Nicki Minaj Talks About Cultural Appropriation At Philipp Plein's SS18 Show At NYFW
If you've ever been lucky enough to witness anything to do with Philipp Plein, you'll know that it's star-studded, and amazingly OTT, with shows at Fashion Week ending up more like concerts. This season's SS18 show in New York was no different, with the likes of 50 Cent, Paris Hilton, Iman Shumpert and Nicki Minaj decorating the show's front row. It got to around 1am when Nicki Minaj, who performed with Yo Gotti, decided it was time to - quite rightly - call out the fashion industry's obsession with cultural appropriation and the blood-boiling lack of representation.
Addressing the crowds of hundreds of show-goers, Minaj shouted: 'Where my white people at?!' This wasn't a direct hit at Plein though, rather an applause for the German designer for his racially diverse catwalk. Models included Adriana Lima, Irina Shayk, Cordell Broadus, Rich the Kid, 21 Savage, Metro Boomin, Swae Lee, and Teyana Taylor, and rapper Future provided the show's soundtrack.
Minaj took her time on the mic to thank Plein for both her invitation and his support for her and other Black artists, but not before telling the world like it is. 'A lot of times designers get rich off of our culture but you don't see a motherfucker who looks like [us] in the front row.' Despite her impromptu speech being slightly out of kilter for the usual Fashion Week conversation, she's totally right. Non-white castings are still a rarity within the fashion industry even though high-end designers still choose to appropriate elements of Black culture in order to make profit and 'claim' new trends.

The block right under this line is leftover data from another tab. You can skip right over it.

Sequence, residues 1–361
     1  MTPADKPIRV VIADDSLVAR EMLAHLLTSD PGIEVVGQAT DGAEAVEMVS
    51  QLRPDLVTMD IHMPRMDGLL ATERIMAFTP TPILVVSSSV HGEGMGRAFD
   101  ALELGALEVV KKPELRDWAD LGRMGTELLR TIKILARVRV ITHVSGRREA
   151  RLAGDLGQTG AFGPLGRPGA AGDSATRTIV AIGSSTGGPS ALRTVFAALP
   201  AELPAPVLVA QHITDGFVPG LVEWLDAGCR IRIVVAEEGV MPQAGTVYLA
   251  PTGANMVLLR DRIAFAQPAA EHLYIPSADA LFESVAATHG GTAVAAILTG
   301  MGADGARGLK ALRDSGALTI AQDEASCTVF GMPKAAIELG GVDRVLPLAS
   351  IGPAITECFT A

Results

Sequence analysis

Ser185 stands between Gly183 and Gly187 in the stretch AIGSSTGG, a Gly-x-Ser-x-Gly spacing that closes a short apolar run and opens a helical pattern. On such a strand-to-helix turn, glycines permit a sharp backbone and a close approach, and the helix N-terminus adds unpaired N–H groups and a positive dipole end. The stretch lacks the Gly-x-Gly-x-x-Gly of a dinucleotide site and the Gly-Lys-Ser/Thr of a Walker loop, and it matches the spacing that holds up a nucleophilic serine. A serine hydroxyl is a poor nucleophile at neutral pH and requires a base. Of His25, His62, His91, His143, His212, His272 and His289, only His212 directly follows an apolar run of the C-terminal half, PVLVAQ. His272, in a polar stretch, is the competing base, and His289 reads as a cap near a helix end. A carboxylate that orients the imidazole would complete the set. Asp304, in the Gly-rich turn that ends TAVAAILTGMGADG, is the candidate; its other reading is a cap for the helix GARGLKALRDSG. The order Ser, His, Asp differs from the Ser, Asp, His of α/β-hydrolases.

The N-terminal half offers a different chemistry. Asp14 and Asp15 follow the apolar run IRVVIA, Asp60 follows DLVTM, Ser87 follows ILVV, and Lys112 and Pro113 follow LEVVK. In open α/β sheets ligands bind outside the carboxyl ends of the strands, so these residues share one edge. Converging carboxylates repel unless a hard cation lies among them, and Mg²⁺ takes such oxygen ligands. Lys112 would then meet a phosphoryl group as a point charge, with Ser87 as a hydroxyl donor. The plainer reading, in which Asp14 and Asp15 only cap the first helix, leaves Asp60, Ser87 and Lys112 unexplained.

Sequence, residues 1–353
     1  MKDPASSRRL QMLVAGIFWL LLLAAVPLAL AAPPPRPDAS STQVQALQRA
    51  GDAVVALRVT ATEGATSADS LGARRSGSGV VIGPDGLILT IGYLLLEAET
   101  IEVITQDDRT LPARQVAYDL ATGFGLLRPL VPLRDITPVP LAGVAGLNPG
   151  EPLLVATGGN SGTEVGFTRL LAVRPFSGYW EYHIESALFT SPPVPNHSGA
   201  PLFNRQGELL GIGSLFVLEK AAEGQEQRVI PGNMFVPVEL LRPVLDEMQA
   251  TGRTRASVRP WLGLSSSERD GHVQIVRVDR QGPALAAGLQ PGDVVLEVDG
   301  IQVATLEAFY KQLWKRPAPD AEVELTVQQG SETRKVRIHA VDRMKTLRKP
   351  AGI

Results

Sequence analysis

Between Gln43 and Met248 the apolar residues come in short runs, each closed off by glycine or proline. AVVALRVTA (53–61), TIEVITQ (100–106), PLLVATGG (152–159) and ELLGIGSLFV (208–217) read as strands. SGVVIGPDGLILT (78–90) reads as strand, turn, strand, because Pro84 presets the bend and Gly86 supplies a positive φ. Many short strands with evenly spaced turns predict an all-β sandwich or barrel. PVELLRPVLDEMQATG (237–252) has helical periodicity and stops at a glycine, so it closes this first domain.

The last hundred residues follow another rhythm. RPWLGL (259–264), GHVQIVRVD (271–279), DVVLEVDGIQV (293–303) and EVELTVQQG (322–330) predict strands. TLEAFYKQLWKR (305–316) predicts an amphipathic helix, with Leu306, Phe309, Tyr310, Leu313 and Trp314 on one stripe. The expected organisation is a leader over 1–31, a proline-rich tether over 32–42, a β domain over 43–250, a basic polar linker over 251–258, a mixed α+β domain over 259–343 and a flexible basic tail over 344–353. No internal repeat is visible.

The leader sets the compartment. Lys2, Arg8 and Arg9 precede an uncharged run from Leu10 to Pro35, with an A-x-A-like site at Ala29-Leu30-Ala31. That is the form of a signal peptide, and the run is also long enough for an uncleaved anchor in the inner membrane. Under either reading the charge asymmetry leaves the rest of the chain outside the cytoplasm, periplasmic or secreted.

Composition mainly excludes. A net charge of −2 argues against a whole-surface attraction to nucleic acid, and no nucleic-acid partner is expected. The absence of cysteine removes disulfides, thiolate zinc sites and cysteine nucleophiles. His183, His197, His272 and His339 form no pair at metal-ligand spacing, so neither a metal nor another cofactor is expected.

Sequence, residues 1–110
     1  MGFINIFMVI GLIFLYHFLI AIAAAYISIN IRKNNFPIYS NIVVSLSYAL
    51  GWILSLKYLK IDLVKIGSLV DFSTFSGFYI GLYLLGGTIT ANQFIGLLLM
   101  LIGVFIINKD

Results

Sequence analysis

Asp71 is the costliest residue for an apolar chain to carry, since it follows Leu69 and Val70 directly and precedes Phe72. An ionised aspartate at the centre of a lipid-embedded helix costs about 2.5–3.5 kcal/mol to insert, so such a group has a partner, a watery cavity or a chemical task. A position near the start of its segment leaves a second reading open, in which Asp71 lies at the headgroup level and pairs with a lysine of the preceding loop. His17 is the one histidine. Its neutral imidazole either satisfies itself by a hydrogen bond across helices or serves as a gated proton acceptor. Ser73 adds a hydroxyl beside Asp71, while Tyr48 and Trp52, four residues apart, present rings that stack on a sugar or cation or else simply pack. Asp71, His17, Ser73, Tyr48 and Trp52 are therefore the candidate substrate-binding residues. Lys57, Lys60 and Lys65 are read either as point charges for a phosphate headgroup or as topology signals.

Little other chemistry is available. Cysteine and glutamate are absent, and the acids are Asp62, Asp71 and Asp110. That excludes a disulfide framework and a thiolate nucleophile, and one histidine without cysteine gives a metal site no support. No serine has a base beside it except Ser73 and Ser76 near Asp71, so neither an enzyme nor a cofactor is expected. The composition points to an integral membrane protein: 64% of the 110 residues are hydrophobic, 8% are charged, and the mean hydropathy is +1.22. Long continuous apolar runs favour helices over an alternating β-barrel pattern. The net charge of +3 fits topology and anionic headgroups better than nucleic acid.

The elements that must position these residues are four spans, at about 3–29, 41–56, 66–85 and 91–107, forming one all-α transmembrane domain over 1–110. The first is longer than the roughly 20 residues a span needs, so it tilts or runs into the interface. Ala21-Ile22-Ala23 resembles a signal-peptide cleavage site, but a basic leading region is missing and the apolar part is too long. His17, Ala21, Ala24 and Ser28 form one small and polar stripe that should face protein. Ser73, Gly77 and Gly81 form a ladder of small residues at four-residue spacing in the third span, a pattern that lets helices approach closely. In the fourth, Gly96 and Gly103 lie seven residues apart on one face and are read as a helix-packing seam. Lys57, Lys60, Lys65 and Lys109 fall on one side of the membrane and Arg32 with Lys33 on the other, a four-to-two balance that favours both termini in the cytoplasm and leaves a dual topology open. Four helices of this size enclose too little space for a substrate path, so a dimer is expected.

It's not the first time Nicki Minaj has used her platform to speak up about the lack of diversity and inequality in the fashion and entertainment industries (just in case you need us to re-jog your memory: the VMAs, white feminism, a butt-hurt Taylor Swift), and this most certainly won't be her last, nor should it be. After all, if you took something that didn't belong to you, both you and the rest of society would know that you did wrong, so why should white designers profiting off of black culture be treated any differently?